But unlike a private citizen in Apple's case, the notification would have come from their legal department, enabling them to suggest to the county specific potential violations of law, and what items to include in the search warrant. I find it totally unlikely that the San Mateo district attorney became that interested in a lost iPhone prototype without some prompting from Apple. I mean, if I lost my own iPhone, and Gizmodo showed it on the Internet, do you think a district attorney's office would have gotten involved?


    I asked how a corporation can "direct" (I did say law suit when I meant criminal investigation). Of course Apple like anyone can file a criminal complaint (which actually hasn't beed done in this instance *Update* Apple did report the theft) but they cannot direct the investigation. The handling of the investigation is up to the police and the DA. The idea that Apple is behind the police searching Jason Chen's office/residence is without merit.

    To me the interesting component to all of this is if the federal and California press shield laws apply. I really have no opinion on this as I really don't have enough knowledge of how the law has been applied in the past but I am curious to see what the result is.

    *Update*: It is worth noting that the crime being investigated isn't posting pictures online it was the sale of the phone by the finder to Gizmodo. In California this is a crime. Nick Denton, founder of Gawker, is the person who announced to the public that Gizmodo purchased the phone and by admitting that also admitted that Gizmodo had violated California law. This situation is something that Gawker/Gizmodo brought on itself.
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    Apr 27, 2010 3:05 PM GMT
    MonkeyPuck said
    MsclDrew saidWell...

    The way I see it. The individual who found the phone passed it on to a media publication who photographed it, provided a beyond extensive description including stating that it had been lost and precisely where it had been lost. Linked it to every major new publication the world over. You can't deny that, it was a far more effective way of finding the owner than a lost phone poster? So in fact the individual who found it made the BEST effort he could to make sure the owner was found.

    In addition the owner 'Apple' initially refused to comment, essentially denied that it was their property. So the media publication was reasonable to seek to verify that it was the owner and after that and promptly returned the property.

    It doesn't seem like a crime to me. No where does the law insist that the property be returned 'discretely' so in fact the tech blog and the individual went above and beyond their civic duty to ensure the phone was returned to it's owner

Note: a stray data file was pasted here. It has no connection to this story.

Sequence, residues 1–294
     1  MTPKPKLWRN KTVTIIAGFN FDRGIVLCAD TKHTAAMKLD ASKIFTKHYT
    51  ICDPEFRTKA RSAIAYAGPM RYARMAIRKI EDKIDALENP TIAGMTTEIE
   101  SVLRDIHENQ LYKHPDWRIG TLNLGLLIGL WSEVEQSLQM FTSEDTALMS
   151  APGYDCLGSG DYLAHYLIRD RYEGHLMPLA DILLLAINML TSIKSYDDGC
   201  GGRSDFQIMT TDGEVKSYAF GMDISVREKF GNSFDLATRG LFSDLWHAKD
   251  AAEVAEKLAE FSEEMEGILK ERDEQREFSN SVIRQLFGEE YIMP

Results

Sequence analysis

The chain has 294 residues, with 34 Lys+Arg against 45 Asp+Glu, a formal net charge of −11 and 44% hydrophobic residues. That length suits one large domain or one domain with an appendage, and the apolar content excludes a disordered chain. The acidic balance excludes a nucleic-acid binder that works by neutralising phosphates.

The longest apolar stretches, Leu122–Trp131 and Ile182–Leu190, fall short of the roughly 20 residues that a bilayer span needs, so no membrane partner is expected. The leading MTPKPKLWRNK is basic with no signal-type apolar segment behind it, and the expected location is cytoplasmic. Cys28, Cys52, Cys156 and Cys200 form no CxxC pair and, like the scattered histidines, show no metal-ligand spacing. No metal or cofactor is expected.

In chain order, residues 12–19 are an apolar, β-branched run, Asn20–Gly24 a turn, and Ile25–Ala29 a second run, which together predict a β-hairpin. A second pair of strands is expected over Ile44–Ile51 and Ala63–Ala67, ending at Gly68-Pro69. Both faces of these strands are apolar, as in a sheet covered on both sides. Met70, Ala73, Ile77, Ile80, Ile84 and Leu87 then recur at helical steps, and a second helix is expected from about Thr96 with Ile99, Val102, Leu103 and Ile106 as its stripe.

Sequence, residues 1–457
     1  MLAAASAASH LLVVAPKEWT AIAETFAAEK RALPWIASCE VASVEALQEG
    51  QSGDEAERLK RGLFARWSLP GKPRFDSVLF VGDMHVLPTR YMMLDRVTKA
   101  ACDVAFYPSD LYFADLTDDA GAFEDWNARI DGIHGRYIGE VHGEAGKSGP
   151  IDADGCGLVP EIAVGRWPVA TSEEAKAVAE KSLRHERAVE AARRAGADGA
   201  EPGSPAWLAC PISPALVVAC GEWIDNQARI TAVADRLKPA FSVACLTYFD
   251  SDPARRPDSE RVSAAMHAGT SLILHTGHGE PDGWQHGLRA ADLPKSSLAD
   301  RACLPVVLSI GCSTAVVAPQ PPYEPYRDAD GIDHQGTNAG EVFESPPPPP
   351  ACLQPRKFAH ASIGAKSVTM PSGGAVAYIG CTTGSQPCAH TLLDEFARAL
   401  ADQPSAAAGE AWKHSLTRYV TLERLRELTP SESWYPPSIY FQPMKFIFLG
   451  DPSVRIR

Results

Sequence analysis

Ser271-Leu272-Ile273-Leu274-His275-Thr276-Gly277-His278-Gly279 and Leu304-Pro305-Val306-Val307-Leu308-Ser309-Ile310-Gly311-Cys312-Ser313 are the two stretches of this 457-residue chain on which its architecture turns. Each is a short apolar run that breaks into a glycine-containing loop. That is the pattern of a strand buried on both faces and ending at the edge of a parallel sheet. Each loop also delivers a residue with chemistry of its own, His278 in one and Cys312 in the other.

The person who found the phone sold it to another party (Gizmodo). In the state of California this is illegal as you cannot sell something that isn't your property


    Define sold....

    I would say they offered him a reward on behalf of Apple, or compensated him for the good publicity they expected to receive from being the individual to return it.


    I should so be a lawyer icon_twisted.gif
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    Apr 27, 2010 3:14 PM GMT
    MsclDrew said
    MonkeyPuck said
    MsclDrew saidWell...

    The way I see it. The individual who found the phone passed it on to a media publication who photographed it, provided a beyond extensive description including stating that it had been lost and precisely where it had been lost. Linked it to every major new publication the world over. You can't deny that, it was a far more effective way of finding the owner than a lost phone poster? So in fact the individual who found it made the BEST effort he could to make sure the owner was found.

    In addition the owner 'Apple' initially refused to comment, essentially denied that it was their property. So the media publication was reasonable to seek to verify that it was the owner and after that and promptly returned the property.

    It doesn't seem like a crime to me. No where does the law insist that the property be returned 'discretely' so in fact the tech blog and the individual went above and beyond their civic duty to ensure the phone was returned to it's owner


    The person who found the phone sold it to another party (Gizmodo). In the state of California this is illegal as you cannot sell something that isn't your property


    Define sold....

    I would say they offered him a reward on behalf of Apple, or compensated him for the good publicity they expected to receive from being the individual to return it.